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- Many homeowners insurance companies offer identity theft protection if your identity is stolen.
- However, cyber liability insurance offers more protection. It covers you for accidentally releasing a virus or saying something wrong online.
- Cyber liability is an add-on to your homeowners insurance, costing an additional $25-$60 a year.
- See Insider’s picks for the best homeowners insurance companies.
As technology advances, it makes our lives easier. But there’s also a risk for homeowners as we integrate smart technology such as smart televisions and security systems into our homes.
Not only does identity theft pose a risk, but you could also be on the hook for damages if you accidentally release a virus or saying something defamatory online and get sued.
Although most homeowners insurance offers some sort of identity theft protection as a rider or endorsement under liability coverage, it only reimburses your costs to get your credit and finances on track after your identity is stolen.
Cyber liability coverage is an add-on to your homeowners insurance that protects homeowners if they release a virus or say something defamatory online and get sued.
What is cyber liability coverage?
According to Bill Martin, president and CEO at Plymouth Rock Home Assurance, cyber liability coverage helps if you accidentally release a virus or say something wrong online. And in the event of a ransomware attack, cyber liability coverage will replace equipment. Some homeowners insurance providers, like Acuity Insurance, also include cyberbullying protection as part of their cyber liability coverage.
If you are sued for saying something online, cyber liability coverage can also offer protection. Cyber liability may already be in your homeowners insurance policy’s personal liability coverage, or it may be optional coverage. Check with your homeowners insurance provider.
Identity theft versus cyber liability coverage
Identity theft and cyber liability coverage are not synonymous. Most carriers have identity theft coverage, known as an “identity theft expense reimbursement” endorsement or rider, according to Shane Paltzer, vice president of personal lines underwriting and marketing at Acuity Insurance. He said identity theft basically covers legal expenses to clear up your credit report with the credit bureaus up to a $25,000 limit.
Paltzer said that there is a void in personal lines of insurance for cyber liability. In 2019, Bob Hertel, director of product development, helped create Acuity’s cyber program. Acuity’s cyber liability product is not sold as a stand-alone policy, but rather as an add-on endorsement to homeowners insurance property and liability protection.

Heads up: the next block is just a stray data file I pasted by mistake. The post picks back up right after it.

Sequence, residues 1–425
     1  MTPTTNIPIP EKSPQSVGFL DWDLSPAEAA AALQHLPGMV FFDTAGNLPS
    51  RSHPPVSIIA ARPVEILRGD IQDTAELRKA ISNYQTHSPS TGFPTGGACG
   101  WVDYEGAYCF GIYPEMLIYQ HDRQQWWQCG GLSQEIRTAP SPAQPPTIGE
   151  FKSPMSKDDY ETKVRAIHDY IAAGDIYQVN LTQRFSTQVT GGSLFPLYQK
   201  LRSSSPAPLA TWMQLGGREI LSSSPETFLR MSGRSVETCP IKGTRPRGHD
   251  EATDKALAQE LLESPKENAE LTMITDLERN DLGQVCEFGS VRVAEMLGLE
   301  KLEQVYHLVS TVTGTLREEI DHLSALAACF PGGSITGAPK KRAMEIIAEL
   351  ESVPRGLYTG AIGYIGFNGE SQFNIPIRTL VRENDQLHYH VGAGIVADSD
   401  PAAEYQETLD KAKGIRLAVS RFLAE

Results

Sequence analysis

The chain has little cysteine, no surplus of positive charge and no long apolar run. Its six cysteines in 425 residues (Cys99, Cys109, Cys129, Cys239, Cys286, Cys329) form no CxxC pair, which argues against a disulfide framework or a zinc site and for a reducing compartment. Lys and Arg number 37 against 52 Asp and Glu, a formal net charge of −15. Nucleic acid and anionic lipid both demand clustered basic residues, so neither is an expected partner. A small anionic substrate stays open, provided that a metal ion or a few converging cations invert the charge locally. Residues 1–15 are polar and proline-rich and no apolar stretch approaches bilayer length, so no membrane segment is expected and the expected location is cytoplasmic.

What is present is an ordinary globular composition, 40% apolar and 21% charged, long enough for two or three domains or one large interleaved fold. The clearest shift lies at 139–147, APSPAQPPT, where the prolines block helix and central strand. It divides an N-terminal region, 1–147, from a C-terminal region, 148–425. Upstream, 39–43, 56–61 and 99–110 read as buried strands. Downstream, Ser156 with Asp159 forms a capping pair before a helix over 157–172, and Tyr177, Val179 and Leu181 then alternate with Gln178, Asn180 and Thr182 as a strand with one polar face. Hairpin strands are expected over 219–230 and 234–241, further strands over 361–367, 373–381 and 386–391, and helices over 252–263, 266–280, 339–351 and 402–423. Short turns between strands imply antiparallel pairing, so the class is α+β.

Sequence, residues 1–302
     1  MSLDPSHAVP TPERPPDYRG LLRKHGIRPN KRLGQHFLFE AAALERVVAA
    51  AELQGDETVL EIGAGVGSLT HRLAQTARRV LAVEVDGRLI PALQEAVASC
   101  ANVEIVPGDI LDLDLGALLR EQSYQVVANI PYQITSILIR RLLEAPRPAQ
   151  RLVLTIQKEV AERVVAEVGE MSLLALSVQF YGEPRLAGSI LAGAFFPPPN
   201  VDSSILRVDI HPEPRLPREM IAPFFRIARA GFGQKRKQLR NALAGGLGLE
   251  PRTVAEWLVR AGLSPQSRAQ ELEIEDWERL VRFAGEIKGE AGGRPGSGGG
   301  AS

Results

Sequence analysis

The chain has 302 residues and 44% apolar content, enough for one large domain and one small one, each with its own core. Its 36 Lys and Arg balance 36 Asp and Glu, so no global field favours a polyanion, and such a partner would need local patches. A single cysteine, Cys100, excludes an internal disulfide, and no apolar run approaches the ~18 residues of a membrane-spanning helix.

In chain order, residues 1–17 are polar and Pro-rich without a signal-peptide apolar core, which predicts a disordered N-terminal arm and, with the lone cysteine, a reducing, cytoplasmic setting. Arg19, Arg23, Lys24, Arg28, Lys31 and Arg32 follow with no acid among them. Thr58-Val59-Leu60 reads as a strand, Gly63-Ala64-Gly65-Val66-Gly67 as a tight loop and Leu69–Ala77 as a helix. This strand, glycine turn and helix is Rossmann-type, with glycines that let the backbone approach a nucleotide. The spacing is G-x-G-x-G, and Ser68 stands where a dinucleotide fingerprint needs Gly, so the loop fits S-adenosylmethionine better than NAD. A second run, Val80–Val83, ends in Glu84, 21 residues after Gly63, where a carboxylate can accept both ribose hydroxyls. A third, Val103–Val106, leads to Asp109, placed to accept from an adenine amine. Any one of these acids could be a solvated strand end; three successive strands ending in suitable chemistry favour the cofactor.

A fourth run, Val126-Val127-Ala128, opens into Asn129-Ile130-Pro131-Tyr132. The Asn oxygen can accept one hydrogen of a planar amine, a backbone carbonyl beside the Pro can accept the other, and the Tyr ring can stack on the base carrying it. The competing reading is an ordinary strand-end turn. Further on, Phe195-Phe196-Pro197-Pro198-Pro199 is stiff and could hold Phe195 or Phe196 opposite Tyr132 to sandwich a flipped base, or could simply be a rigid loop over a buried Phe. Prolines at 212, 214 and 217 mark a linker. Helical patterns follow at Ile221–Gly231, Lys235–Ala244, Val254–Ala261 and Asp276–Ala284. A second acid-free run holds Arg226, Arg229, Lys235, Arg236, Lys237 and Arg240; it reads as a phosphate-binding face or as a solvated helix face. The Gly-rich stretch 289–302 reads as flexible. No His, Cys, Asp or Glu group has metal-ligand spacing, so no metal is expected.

*Coverage varies depending on homeowners insurance provider
Data from The Zebra and Acuity Insurance
Acuity’s cyber liability protection covers the following:
- Inadvertently transmitting a virus
- Data recovery
- Cyber crime/extortion
- Data breaches
- Phishing attacks
- Smart-home hacking
- Cyber extortion (actual monetary costs)
- Wire fraud (which some banks won’t cover, according to Paltzer)
It also covers legal expenses for cyber bullying, plus the cost of therapy or tuition costs for switching schools due to cyber bullying.
Identity theft, on the other hand, merely reimburses you for legal fees spent to clear up your credit report.
Not all homeowners insurance carriers offer cyber liability protection, and coverage will vary depending on your provider. It is best to talk with your insurance agent to determine the difference between identity theft and cyber liability coverage offered.
How much does cyber liability coverage cost?
Cyber liability is an add-on to your homeowner insurance policy. The average annual homeowners insurance premium in the United States in 2017 was $1,211, according to the National Association of Insurance Commissioners (NAIC).
Acuity’s cyber liability coverage endorsement is a $35 annual add-on. State Farm and Plymouth Rock Insurance offer a cyber liability add-on from $25-$60 a year.
How to file a claim if your identity is stolen or you’re a cyber theft victim
Treat stolen data like a car accident and follow these steps to report and file a claim.
- Notify the police and file a police report. Your insurance company may request a copy of the police report.
- Notify your financial, banking, or credit card institution.
- Notify government agencies if your social security card, passport, or driver’s license or government issued identification card is stolen.
- File a claim with your homeowners insurance company. Failure to timely notify your insurance provider can result in denying the claim. They may provide you with a specialist to help you contact the three credit reporting companies (Experian, TransUnion, and Equifax).
- If your homeowners insurance doesn’t offer help, you will have to contact the three credit reporting companies (Experian, TransUnion, and Equifax).
- Keep documentation of all unauthorized purchases or access to your data.
Ronda Lee is an associate editor for insurance at Personal Finance Insider covering life, auto, homeowners, and renters insurance for consumers. She is also a licensed attorney who practiced litigation and insurance defense.